Mike thought the time was Greenwich Time. Anyway, it doesn’t interfere with communication. I think this forum approach is going to work well for us. I am regularly getting notifications in my email
I finally got a response via email to a comment I made in this Forum, in this case it was Mike’s comment right after mine. What’s strange are the times assigned to the comments. What’s strange are dates (sometimes) and times tied to the comments.
I am wondering why I am not getting email notifications when someone responds to me. Maybe I am forgetting to click the box to notify me via email.
Damn the spelling correction Wertsch becomes Wretch! My apologies to Jim. I would also add that both Shannon and Jim challenge the collective habits of the imagination, Shannon in international relations, Jim more broadly.
I want to add that my reply is as much motivated by Beth’s comment on children’s love and use of metaphor. Metaphor is pervasive at all ages. Broadly speaking it is what Cognitive Linguistics calls a “blending” process, whereby concepts in one domain are projected on to concepts in another. That we do this all the time with such ease and effectiveness in our language use is amazing, given the complexity of conceptualization involved. I would ask Beth if she has found any research on the ontogeny of metaphor.
Francine, In response to your question about the richness of some metaphors more than others, you point to minding the gap’s connection between motor, sensory and cognitive activity. This is a perfect example of a fundamental commitment of Cognitive Linguistics to the embodiment of language and the mind. The saccades of visual processing are a zig zag between motor and sensory processing that evokes the interplay between imagination and the world in dialog. This also points to the “porosity” of the semantic space in language, that is that meaning potential of language is connected to non-linguistic aspects of cognitive processing, in this case motor imagery.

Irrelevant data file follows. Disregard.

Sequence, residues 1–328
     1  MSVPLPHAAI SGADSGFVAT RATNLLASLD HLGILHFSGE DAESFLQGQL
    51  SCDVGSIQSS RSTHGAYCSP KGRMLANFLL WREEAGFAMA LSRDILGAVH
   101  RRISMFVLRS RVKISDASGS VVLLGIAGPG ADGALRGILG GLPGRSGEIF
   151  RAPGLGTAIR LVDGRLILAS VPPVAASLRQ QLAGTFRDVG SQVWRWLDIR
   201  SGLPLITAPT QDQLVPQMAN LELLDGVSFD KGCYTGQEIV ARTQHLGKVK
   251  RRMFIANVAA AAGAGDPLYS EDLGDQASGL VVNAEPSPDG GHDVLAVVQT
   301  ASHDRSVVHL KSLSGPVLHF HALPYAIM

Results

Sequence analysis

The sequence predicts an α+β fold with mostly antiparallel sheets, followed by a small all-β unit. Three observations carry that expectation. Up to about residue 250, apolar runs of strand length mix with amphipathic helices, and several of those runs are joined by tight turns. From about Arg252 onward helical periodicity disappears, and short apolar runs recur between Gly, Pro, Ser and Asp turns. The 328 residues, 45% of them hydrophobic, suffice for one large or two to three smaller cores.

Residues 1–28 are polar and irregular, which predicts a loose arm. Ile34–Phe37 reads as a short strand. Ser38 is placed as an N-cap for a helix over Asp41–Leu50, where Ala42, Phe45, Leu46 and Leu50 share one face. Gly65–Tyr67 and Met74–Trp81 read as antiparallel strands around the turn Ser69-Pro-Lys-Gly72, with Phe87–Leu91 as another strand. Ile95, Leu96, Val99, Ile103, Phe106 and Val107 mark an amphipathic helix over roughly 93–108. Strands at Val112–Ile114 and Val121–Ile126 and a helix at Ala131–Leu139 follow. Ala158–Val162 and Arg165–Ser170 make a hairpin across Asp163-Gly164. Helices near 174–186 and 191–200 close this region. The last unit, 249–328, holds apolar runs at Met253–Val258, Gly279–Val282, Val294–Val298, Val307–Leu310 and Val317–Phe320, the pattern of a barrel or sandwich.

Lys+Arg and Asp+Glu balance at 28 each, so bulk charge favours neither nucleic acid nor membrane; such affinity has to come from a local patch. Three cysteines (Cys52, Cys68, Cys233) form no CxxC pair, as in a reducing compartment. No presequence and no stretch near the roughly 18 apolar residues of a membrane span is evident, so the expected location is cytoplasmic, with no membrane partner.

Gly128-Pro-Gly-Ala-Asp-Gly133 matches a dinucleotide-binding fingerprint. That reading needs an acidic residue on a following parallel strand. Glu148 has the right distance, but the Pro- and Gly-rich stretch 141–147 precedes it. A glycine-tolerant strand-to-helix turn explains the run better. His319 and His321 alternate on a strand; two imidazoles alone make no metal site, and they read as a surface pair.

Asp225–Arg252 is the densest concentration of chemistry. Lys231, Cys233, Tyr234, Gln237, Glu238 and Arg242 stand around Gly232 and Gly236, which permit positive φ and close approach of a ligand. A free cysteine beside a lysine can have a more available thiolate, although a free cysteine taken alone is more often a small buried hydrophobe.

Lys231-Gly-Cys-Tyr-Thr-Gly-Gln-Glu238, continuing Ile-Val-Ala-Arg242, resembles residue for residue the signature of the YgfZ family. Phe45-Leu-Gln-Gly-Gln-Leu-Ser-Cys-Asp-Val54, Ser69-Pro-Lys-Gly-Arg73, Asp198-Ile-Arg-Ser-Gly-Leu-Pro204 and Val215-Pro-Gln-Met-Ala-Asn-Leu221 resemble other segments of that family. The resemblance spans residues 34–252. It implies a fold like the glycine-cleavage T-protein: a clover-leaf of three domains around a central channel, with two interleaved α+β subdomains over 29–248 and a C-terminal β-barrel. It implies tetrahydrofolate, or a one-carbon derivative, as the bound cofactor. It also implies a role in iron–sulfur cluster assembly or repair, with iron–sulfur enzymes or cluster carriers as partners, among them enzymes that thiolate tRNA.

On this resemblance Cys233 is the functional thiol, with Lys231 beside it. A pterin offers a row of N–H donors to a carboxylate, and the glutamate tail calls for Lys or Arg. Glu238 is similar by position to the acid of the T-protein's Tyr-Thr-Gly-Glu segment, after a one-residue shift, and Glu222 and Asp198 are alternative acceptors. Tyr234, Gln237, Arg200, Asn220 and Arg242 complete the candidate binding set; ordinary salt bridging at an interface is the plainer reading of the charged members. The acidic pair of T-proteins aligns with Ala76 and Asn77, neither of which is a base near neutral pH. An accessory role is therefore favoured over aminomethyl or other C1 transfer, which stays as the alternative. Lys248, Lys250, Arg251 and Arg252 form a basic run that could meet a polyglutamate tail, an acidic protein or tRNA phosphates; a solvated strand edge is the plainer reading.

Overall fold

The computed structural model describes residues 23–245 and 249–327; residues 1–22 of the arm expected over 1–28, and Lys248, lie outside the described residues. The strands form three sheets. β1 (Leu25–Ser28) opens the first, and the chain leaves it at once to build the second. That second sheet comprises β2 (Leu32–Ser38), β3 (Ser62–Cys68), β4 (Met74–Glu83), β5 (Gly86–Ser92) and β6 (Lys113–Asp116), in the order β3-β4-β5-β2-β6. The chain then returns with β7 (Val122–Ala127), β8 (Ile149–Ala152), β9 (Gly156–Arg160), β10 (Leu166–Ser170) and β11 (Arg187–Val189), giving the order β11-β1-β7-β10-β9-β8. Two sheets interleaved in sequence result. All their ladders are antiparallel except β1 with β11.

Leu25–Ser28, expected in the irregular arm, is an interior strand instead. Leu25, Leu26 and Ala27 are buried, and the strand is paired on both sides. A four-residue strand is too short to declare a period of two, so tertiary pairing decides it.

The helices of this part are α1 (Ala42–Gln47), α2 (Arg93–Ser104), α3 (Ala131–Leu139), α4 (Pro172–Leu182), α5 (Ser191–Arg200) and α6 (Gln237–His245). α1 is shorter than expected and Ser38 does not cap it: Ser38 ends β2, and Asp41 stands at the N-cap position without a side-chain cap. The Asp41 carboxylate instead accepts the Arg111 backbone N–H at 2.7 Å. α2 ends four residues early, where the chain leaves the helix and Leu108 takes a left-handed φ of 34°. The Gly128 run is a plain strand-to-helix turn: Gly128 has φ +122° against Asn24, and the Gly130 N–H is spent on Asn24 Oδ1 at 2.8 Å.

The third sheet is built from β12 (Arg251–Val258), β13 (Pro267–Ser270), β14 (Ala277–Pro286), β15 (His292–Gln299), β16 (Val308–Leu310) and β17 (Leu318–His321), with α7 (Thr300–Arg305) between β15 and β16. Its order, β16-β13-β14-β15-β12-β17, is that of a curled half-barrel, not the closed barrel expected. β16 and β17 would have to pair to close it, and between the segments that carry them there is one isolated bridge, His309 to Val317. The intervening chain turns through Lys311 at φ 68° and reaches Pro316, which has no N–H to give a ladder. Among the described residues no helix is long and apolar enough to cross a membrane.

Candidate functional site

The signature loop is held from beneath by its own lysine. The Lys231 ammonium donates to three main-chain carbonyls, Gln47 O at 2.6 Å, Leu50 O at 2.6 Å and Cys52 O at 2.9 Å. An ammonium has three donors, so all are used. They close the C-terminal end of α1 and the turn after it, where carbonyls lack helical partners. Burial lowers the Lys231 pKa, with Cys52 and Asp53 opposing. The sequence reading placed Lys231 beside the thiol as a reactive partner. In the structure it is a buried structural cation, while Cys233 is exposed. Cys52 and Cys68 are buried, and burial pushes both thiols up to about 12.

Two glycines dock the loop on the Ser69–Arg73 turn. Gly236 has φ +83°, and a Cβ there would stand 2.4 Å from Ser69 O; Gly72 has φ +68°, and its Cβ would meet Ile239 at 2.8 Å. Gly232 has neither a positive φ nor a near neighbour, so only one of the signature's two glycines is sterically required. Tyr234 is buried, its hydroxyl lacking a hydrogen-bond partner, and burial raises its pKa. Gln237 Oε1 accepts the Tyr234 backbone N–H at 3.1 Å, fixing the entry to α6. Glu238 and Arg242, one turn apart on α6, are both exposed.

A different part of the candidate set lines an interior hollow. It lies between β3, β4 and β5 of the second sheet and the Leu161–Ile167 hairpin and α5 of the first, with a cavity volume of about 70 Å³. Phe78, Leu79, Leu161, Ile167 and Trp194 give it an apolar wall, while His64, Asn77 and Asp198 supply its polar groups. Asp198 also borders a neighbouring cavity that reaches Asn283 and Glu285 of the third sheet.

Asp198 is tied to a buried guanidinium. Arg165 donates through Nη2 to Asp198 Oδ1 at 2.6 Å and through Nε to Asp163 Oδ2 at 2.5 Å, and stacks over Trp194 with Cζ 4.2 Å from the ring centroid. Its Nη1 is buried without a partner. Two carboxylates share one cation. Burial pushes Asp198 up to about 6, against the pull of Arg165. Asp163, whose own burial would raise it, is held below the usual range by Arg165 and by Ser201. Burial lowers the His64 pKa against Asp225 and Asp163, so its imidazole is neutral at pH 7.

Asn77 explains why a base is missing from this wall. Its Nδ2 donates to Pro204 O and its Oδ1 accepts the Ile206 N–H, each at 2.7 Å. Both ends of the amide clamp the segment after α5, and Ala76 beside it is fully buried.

In considering the purposes of Coffee Hours and Seminars, I thought that Jim Wretch’s Coffee Hour on “Habits of Collective Memory” resonated amazingly with Shannon Brincat’s first presentation in the Seminar series on Imagination and Creativity in the Works of Vygotsky.